Lebanon has always deserved better from its leaders. The port blast lays that bare

A Lebanese protester speaks with security forces in downtown Beirut on August 8, 2020.

Becky Anderson is the host of CNN International's "Connect the World With Becky Anderson." She is also the Managing Editor of CNN Abu Dhabi where she is based. The views expressed in this commentary are her own. Read more opinion on CNN.

(CNN)The monstrous explosion that tore into the early evening of a mid-summer's night this past Tuesday in Beirut is, whatever way you cut it, just the latest manifestation of the multitude of endless avenues of miserable corruption that have plagued the country for generations.

Lebanon's political oligarchy engages in kleptocracy with a rampant intensity unlike almost anywhere in the region, seemingly unrestrained by any sense of public compassion or institutional necessity. There is an apparatus of corruption that has, for decades, hollowed the entire country from the inside out in an endless cycle of dysfunction and theft.
Now, that bottomless dispassion has culminated in much of its capital being reduced to something akin to a post-apocalyptic cityscape. The blast radius stretched far beyond the limits of the city, leaving virtually nothing within it untouched.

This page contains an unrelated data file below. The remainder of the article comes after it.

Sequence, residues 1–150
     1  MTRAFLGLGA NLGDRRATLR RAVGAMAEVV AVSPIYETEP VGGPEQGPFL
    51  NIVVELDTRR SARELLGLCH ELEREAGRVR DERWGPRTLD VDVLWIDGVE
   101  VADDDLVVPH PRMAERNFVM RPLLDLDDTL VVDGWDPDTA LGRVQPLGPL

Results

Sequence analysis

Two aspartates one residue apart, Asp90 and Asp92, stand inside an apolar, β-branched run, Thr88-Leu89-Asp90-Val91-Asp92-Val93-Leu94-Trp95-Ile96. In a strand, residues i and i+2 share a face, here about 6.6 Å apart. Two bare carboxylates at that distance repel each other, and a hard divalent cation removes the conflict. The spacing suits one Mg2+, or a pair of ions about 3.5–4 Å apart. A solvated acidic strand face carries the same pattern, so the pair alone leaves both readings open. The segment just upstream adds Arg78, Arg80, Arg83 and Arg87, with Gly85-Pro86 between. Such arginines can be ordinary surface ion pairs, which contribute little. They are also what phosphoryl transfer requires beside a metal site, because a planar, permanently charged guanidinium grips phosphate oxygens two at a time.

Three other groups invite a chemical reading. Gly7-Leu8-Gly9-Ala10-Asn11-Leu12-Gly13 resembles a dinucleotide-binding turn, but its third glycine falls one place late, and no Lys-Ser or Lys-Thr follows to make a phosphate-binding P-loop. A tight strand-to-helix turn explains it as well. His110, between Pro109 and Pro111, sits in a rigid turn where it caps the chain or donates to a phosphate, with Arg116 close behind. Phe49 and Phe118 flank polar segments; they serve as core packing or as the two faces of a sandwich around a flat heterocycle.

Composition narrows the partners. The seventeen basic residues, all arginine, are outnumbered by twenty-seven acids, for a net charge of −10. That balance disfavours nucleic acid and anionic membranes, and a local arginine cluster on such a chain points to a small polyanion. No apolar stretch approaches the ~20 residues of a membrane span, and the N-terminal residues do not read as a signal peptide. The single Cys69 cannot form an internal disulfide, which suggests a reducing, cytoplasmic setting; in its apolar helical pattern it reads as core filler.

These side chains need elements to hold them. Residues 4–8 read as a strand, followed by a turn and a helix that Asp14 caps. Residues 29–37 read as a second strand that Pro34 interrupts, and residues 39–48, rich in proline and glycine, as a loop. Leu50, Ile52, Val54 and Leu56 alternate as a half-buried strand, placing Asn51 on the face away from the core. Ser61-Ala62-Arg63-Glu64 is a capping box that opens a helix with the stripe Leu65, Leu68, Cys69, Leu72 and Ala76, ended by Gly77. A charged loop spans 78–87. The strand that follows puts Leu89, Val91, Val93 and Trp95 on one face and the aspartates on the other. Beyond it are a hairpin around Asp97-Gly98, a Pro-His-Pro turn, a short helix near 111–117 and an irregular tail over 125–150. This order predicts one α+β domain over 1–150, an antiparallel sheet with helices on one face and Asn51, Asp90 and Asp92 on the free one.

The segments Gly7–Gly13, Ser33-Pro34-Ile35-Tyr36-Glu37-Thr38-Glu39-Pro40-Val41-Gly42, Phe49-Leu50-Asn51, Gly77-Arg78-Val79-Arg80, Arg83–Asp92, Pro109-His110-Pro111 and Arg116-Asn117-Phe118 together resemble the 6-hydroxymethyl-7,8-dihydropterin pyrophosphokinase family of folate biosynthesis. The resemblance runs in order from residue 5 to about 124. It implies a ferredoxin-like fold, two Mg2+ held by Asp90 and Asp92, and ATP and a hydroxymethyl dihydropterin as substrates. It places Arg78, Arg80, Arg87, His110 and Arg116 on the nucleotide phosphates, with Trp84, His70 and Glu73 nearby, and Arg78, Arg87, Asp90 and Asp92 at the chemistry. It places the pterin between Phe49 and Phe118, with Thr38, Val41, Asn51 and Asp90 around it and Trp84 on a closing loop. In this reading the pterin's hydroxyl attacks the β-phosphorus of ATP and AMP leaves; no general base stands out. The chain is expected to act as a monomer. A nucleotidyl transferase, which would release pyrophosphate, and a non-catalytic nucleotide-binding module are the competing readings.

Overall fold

As the dust settles and the magnitude of the disaster and human tragedy becomes apparent, many are left with big questions. Why was 2,750 metric tons of ammonium nitrate -- a potentially explosive chemical compound -- stored in the port without safety measures for six years? Who knew about it? And who turned a blind eye to how vulnerable it left millions of people?
    The catastrophe, though, is just the latest, most flagrant declaration of a paradigm of dysfunction: as government after government has failed to do its most fundamental job -- and look after its people.
    Basic -- and I mean basic -- services are amiss or not reliable.
    The electricity cuts off throughout the day. The rich have generators that kick in to ensure a non-stop supply, but the poor -- the majority of the country -- suffer along without it for as much as 20 hours a day.
    And the situation has been worsening in recent months as a crippling and unprecedented economic crisis in the country has impoverished even more of the population. Almost one third of the country doesn't have a job. The country's currency has evaporated at a velocity almost unseen in modern economics -- the Lebanese pound has lost roughly 80% of its value in less than a year.
    A soldier stands at the devastated site of the explosion in the port of Beirut on Thursday.